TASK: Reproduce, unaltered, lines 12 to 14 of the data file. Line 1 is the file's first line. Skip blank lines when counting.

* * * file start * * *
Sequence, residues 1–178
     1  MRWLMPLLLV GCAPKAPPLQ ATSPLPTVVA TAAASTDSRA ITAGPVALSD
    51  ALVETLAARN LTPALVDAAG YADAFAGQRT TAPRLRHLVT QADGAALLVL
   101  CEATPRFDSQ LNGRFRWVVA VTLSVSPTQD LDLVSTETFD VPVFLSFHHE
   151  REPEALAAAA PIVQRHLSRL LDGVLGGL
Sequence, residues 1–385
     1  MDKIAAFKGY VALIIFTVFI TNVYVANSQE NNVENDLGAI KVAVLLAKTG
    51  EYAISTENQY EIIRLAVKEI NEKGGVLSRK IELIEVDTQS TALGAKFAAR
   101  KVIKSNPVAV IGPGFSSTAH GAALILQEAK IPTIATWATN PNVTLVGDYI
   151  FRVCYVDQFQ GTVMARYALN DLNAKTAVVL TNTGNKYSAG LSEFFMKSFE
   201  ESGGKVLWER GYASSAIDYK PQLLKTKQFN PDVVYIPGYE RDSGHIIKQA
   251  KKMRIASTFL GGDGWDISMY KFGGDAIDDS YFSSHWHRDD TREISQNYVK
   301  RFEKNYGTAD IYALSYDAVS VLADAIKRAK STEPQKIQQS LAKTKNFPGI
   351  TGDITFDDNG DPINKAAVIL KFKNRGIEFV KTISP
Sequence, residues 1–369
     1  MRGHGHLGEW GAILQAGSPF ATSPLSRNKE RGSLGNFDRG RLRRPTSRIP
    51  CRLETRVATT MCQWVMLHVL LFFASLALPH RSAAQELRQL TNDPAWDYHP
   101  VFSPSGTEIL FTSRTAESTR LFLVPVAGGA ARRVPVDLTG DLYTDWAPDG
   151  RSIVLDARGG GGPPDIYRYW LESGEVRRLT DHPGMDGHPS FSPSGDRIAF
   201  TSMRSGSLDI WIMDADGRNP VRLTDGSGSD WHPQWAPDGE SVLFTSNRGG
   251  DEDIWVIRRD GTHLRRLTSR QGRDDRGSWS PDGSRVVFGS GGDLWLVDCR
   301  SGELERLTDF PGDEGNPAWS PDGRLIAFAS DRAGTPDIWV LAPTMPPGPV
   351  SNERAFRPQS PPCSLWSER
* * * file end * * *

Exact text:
   251  KKMRIASTFL GGDGWDISMY KFGGDAIDDS YFSSHWHRDD TREISQNYVK
   301  RFEKNYGTAD IYALSYDAVS VLADAIKRAK STEPQKIQQS LAKTKNFPGI
   351  TGDITFDDNG DPINKAAVIL KFKNRGIEFV KTISP